“Excuse me for a minute. What are these materials in the back of the truck for?”
    “Part of our café is going to be demolished, and in its stead, there is going to be an addition to another part.”



    “Why? I cannot see anything wrong with what is already here.”
    “It is not because something is wrong. The land on which this café is established is constant, but the location of the café is continuously changing. By demolishing one side and adding to another side, the café is shifted little by little every year. There is a fifty-year cycle over the entire land. This means that our customers fifty years from now are going to be able to sit at the same place again. But even then, they are not going to find the same café, because the tiles are going to have different designs, and the songs will have changed.”
    Faced with such an extraordinary answer, we are shocked. But still, there is a question unanswered:



    “But why?”
    “Because we are afraid of becoming a veil before the eyes of the people due to the constancy of our works.”
    “This much sensitivity may be okay, but how do you fund such works?”



    “This café is not just a café. At the same time, it is a venue for exhibitions and concerts. It also serves as a model, and pictures of it are often taken and published in books or magazines. This place also functions as a rehabilitation center, and the patients prefer this setting over the depressive atmosphere of the hospital corridors. Aside from these, there are also contributions of those who support this effort.”
    “What do you mean? People are contributing to something that is going to be demolished the following year?”



    “Why does it surprise you that people are donating to a sincere and spiritually guided project, when you don’t feel surprised that they are investing in a worldly life that is certain to end at an uncertain time?”
    This answer, once again, fixes us in our seats. Behind the smile on our faces, our brains freeze and boil at the same time. Right then, the waiter steps aside a little, and orders another cup of tea for us with a voice that hardly differs from a whisper. But that voice echoes everywhere. The acoustic design inside leaves us in waves of awe. All of a sudden, a miracle happens: a window opens from the wall next to our table, and we are served a fresh, hot cup of tea. When that window closes, we realize a feeling that is creeping into our minds. Are we going crazy, or is there something strange going on here?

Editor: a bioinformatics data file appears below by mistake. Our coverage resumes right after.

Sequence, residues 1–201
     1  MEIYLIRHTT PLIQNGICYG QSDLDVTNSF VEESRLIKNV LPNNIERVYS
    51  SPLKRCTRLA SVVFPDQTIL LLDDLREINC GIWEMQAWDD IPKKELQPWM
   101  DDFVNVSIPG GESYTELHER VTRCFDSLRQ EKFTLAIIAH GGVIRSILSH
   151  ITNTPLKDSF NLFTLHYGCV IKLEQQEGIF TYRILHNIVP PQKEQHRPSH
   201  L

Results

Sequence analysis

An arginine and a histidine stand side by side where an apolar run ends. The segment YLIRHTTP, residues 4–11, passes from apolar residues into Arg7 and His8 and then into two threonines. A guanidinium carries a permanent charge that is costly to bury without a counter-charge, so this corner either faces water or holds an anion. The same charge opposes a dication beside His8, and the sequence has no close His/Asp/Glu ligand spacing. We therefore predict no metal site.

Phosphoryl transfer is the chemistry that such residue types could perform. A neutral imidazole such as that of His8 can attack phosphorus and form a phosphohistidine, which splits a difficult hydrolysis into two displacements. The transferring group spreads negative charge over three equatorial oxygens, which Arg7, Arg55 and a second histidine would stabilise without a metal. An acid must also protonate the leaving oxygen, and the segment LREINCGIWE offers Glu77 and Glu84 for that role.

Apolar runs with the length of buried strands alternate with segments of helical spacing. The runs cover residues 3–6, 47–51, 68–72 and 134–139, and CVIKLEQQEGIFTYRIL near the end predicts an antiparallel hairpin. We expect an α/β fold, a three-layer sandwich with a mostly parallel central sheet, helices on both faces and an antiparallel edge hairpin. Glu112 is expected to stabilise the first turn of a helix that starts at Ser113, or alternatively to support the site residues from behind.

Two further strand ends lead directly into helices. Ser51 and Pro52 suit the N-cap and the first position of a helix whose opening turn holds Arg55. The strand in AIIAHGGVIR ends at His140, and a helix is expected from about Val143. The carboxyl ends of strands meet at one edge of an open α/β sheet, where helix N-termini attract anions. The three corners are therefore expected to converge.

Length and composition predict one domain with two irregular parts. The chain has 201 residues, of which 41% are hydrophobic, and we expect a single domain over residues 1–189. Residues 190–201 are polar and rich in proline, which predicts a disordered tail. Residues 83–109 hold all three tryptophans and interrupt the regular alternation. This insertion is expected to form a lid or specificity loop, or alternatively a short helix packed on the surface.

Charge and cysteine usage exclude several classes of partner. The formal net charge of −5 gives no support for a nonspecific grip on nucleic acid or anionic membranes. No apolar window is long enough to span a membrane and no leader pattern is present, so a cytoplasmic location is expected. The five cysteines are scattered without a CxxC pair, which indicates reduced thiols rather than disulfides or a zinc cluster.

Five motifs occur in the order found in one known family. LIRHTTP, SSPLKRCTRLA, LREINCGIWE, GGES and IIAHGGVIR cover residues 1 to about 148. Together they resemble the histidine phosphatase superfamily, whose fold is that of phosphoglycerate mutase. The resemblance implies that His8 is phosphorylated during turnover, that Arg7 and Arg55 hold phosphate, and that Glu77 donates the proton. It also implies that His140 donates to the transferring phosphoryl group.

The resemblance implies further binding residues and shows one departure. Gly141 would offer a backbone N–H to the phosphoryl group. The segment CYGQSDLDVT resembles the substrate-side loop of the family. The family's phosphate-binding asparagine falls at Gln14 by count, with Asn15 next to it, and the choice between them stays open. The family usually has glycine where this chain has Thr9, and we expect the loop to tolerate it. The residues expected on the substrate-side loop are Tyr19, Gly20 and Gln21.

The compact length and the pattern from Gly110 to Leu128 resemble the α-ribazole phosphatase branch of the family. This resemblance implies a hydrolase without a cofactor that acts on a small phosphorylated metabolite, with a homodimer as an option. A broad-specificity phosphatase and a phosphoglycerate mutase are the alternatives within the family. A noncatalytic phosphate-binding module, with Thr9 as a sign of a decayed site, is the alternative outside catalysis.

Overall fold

As we are about to turn our inquisitive gazes towards the waiter, we find out that she is not there anymore. The volume of the music in the background also fades out. That truck that had parked outside so silently makes a great roar and starts moving away. Then we see that little paper on our plate: the bill. We cannot save ourselves from the guilt that is caused by the suspicion that those inquisitive thoughts a minute ago might have caused the unique experience to end.



    We leave quickly after paying. In order to secure some distance and to be able look back, we walk towards the bus stop ahead. But still, there is a question in our minds: if we returned, would we see the same extraordinariness, or would those inquisitive looks of ours follow us? At the bus stop, we start staring at that café. Unlike our expectation, we were not hallucinating; it is still there!
    Then, we are distracted by an announcement posted on the glass:



    “Are we inventing math or discovering it?”
    The poster has visuals about the applications of pi, e, and the golden ratio. They act as if mathematics is the discovery of an already existing order by humans. This is just like the art at the café: they were meant to be an instrument for the discovery of the art already present in nature! We are engulfed in a joy of discovery. We head back to the café to donate to the project …